To summarize what Ashley Cooley, Devin L Rhinehart and I have all accomplished in the last month is pretty difficult to comprehend. I think it can best be described as a test in school, like your final final of the semester. Only if you didn’t pass this final, there was ZERO chance of you passing… or “winning” in this case – which all made sense to us. So I basically used that approach to find some motivation to get our team into and through the final day. All three of us from “Team Fun” were in the top 10 percentile through school as we grew up… so we simply needed to apply these rules of life to the final day and if we succeeded and tried our best … we should probably be ok on the final leader board. Sounds simple enough, however there were some additional requirements to get you to the top. 1 – time, 2 – paying attention to detail… and 3 – being sure all your previous content for the race was up to snuff. Of course there is always LUCK involved too, but we had plenty of that on our side with Ashley being the lucky one. Devin was our Time freak, and I was pretty much Mr Detail. Put us all together and we find ourselves at number 20, 21 and 25 on the final “unofficial” Vail Resorts Epic Race leader board. However, when you throw a little detail into it you will notice that 9 people in front of us automatically get tossed from improper uploading on the final day — Two of those don’t even have video links. Add another level of detail and 4 more get dropped for not following resort rules – aka “you can’t hike outside of resort hours”. That brings Rhinehart up to number 7, me at 8 and Cooley as the top girl finisher just out of the top 10 at 12.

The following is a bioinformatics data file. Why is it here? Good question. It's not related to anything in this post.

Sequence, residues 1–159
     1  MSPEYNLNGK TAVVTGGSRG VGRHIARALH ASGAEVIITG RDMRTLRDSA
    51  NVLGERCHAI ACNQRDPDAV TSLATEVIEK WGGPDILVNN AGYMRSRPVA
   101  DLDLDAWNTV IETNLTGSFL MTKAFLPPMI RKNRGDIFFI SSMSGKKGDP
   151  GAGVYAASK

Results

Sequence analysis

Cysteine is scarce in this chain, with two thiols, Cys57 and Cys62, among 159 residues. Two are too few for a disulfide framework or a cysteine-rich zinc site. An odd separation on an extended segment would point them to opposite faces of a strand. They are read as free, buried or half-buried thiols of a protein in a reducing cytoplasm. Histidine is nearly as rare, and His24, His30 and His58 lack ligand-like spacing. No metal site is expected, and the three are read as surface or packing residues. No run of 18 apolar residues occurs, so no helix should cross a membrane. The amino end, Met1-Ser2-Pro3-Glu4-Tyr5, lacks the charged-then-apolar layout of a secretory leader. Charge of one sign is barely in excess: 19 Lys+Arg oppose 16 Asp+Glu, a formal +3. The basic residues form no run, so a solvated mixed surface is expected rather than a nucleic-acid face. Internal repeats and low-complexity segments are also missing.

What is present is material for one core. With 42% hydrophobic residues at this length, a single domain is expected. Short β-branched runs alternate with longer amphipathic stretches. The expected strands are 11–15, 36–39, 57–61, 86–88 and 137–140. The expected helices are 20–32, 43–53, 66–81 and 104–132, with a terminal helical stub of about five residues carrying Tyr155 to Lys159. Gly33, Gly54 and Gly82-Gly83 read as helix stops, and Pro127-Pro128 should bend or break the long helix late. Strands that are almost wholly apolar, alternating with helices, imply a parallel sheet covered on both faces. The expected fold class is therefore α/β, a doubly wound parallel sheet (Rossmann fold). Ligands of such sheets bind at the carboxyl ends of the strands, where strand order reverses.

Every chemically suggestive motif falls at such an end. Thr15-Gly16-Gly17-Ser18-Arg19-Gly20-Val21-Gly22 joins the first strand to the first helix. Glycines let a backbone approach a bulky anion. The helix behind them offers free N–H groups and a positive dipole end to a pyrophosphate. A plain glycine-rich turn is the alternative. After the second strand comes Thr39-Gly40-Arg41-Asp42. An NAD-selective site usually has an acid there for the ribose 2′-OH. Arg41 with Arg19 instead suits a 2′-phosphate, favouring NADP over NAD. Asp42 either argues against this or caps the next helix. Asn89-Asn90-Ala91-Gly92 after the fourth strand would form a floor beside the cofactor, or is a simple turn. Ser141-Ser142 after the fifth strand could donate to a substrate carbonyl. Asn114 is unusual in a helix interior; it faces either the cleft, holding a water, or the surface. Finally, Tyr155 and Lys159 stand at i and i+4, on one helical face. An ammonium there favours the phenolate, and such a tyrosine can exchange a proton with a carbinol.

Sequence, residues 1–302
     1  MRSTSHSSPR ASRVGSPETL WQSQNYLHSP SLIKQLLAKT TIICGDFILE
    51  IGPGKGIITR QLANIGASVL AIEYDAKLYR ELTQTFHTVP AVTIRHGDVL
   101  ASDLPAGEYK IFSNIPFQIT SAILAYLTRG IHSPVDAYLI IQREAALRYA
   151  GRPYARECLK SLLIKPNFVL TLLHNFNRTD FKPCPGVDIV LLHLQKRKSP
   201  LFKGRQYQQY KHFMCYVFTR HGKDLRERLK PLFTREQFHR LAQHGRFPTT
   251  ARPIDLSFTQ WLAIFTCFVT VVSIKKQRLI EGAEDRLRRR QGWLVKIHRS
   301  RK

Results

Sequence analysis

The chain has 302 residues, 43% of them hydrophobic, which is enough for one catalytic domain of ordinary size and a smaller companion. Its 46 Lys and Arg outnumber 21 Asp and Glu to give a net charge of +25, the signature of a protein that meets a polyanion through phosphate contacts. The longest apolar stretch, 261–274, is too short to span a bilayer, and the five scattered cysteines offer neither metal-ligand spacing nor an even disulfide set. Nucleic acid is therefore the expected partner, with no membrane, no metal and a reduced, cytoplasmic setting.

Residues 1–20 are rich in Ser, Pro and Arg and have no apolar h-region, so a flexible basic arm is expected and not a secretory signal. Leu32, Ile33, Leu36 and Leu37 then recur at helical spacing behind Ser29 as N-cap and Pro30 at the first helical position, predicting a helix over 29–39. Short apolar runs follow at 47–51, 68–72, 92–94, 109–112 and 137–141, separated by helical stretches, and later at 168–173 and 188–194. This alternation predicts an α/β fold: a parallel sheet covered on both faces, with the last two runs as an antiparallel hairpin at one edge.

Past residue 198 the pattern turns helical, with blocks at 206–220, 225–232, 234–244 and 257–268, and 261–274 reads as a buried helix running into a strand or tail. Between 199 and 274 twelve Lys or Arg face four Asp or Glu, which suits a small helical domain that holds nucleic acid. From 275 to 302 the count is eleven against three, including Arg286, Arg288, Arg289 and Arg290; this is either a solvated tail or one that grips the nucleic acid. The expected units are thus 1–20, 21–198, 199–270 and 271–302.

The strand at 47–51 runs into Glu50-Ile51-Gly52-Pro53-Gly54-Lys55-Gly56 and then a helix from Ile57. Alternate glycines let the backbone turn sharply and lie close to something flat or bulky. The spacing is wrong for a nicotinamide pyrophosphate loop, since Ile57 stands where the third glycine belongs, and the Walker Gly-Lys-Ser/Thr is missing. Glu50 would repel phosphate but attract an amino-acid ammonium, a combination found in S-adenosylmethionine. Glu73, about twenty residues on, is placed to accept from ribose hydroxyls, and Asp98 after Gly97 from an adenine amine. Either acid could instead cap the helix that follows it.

Of course, these are unofficial results — even by my count. I have no idea what Vail Resorts will ultimately choose to do or how nitpicky they are going to get in judging this most EPIC of epic races! When you start digging into 26 mountains of content it becomes pretty overwhelming pretty fast! How do I know? Because I’ve done it. One of the cool things about this race is that everyones piece of content from accomplishing all 26 ski resorts is public which is why I am happy to see them taking the extra time to get the correct 10 finishers on top of the board. After jumping into the 52 photos and 26 fifteen second minimum videos from each contestant, I know who gets tossed and who sticks around. And almost every other racer knows too… Except for the one element that is publicly unknown in this race, which is who actually emailed Vail Resorts a photo of their completed European ski stamp passport by 11:59:59pm on December 20th, 2013. Assuming everyone in front of us accomplished this 1 simple task … I see myself finishing in 7th place – Rhinehart moves to number 6 and Cooley… well there is a super slim small chance that she could pop into the top 10, but even though I know there are technicalities with some uploaded content between us, I do not expect Vail to jump to that level of detail to pop her into the top 10 — If they do choose to go that route, then I would probably be dropped for having goggles or sunglasses on in one of my photos or videos. Sunglasses were never actually addressed, but goggles were recommended to be off your face as you must be visible in all photos and videos and you must include #epicrace in your titles and your Facebook posts and you must choose 1 video and 2 photo locations from a list of required elements at each area and have all your content upload by midnight of the time zone of the mountain you were visiting and you must have lift scan data from the given mountain on the given day and you can only ski 1 US mountain or 2 European mountains per day and you must accomplish this all during resort operating hours and you needed to shoot horizontal video opposed to vertical iPhone video and you need to talk loud through plastic on GoPros and and you can’t promote other brands or use copyrighted material on and on and on… can you see how run on and on this contest could get let alone judging it all!? Either way, at some point there needs to be a line drawn in the final judging criteria in order to release the official leader board and award the top racers their Vail Resorts lifetime season pass!